That really touched me, and I didn’t really understand it in terms of putting it into words at the time, but it really tapped into me artistically as something I had not found as an experience through my arts education. We didn’t go into exploring that kind of art, but I had experienced it going through places like the South, where you would see things that people expressed. It wasn’t even often called “art” or the individuals called “artists,” but they just did it because they needed to do it.
LC: What do you think is the role of the Towers in the arts community?
DM: Within the arts community, I think it is certainly multilayered. I think the arts community itself is multi-layered, now more than ever. There is the institutional arts community, then there are the people who create, and then there are the people who appreciate the art, support it, and collect it. Not all of them have the same perspective on a piece of work.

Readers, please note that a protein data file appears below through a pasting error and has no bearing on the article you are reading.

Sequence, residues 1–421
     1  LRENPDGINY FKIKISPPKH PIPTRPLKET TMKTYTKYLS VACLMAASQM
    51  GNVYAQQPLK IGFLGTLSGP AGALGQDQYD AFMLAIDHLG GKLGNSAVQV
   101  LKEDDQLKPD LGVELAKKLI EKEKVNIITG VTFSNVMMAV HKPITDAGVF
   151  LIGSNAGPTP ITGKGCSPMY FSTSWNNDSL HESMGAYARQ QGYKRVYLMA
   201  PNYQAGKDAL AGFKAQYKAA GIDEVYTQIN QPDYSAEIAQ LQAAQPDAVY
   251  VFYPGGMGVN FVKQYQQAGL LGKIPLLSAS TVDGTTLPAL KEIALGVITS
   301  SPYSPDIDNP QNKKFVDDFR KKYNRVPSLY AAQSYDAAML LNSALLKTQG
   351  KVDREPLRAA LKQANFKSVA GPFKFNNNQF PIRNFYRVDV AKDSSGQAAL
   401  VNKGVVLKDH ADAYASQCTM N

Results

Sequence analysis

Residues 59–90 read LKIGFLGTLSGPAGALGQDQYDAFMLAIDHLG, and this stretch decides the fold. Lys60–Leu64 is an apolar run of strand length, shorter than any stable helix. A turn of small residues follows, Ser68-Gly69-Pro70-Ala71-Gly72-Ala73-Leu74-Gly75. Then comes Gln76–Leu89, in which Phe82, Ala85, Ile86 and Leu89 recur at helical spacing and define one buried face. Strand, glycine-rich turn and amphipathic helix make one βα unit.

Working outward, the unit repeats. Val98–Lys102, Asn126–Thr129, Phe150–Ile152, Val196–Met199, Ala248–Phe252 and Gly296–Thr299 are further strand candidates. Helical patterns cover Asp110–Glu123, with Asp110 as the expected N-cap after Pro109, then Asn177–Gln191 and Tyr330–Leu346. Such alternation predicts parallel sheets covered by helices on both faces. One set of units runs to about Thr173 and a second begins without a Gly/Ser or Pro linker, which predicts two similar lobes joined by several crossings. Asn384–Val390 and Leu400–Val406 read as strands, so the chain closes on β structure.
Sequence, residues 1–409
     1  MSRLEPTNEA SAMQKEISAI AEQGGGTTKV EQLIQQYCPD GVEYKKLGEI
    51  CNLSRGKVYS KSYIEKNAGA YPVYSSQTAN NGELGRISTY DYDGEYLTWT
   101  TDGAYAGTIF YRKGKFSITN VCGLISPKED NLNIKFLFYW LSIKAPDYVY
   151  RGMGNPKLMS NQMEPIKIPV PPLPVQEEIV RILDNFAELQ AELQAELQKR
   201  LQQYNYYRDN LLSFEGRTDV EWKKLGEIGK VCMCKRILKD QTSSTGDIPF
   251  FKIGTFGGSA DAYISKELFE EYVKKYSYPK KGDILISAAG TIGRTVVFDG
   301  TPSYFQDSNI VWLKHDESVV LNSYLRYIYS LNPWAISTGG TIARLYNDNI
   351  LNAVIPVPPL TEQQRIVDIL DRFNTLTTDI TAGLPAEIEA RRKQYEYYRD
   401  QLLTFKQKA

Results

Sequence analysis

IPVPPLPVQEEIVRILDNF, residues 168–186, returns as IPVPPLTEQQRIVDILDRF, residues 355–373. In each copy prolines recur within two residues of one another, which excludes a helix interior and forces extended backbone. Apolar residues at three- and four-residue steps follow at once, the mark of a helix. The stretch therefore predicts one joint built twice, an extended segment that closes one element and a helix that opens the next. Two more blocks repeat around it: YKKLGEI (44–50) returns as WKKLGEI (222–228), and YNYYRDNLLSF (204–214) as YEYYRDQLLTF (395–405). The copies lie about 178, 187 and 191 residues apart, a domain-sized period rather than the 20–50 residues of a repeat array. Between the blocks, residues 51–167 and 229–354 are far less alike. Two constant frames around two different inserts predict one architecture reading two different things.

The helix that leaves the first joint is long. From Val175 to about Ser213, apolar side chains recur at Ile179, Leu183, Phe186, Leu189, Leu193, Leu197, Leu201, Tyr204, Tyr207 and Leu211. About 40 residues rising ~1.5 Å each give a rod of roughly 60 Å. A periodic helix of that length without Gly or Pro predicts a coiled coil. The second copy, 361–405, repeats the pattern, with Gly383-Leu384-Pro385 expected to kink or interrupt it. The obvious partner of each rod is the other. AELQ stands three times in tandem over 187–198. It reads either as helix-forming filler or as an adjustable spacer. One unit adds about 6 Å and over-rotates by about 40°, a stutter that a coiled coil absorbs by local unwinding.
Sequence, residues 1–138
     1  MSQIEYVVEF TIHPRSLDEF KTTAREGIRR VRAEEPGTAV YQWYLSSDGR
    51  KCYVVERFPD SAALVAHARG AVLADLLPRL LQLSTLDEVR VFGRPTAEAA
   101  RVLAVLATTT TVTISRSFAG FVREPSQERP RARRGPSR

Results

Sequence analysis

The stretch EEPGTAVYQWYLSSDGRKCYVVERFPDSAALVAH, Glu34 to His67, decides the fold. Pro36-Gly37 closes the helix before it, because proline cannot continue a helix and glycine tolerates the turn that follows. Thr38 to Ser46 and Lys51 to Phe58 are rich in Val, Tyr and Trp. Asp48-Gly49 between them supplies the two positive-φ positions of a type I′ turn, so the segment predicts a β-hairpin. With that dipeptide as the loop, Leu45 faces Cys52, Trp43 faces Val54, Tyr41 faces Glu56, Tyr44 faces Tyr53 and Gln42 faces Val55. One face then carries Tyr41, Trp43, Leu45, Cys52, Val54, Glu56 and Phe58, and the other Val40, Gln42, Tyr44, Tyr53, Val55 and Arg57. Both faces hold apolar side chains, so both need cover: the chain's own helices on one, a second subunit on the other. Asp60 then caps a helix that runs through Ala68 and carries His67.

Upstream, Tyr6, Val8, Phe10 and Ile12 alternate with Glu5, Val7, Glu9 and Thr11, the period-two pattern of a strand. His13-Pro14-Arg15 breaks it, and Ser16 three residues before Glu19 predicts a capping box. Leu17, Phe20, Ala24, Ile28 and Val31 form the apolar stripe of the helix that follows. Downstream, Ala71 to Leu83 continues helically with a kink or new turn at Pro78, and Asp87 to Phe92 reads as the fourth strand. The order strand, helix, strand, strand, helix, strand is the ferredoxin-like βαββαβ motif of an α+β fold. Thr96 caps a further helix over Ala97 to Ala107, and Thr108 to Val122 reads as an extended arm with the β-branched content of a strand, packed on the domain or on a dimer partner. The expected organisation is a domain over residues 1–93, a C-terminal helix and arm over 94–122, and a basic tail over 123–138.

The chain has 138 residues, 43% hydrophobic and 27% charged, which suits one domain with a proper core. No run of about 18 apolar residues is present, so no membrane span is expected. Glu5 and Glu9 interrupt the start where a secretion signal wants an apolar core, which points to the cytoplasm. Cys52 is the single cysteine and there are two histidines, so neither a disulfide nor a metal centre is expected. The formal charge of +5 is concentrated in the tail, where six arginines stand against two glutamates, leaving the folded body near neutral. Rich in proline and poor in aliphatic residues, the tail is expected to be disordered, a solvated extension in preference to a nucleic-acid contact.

I marveled at Rodia’s tenacity. His focus to keep up on a piece of work like that for so long . . . Today, for most artists, if you haven’t done your thing in two or three years you’re almost washed up! The raw essence of the Towers is that they were created by a man out of his creative genius. And he gave it to a community, so the community then ends up playing a role that is unusual in art. Even though it was created by an individual, the community had this relationship with him in order for it to happen—they could have chased him out.
One of the reasons I came here is that if you take an unusual idea and you try to create that idea in an environment that is not accepting, it’s not going to happen. You are constantly going to butt up against people who won’t tolerate it. And I wanted to be in a neighborhood that would be excited and tolerate my creative passion. And I couldn’t have chosen a better place.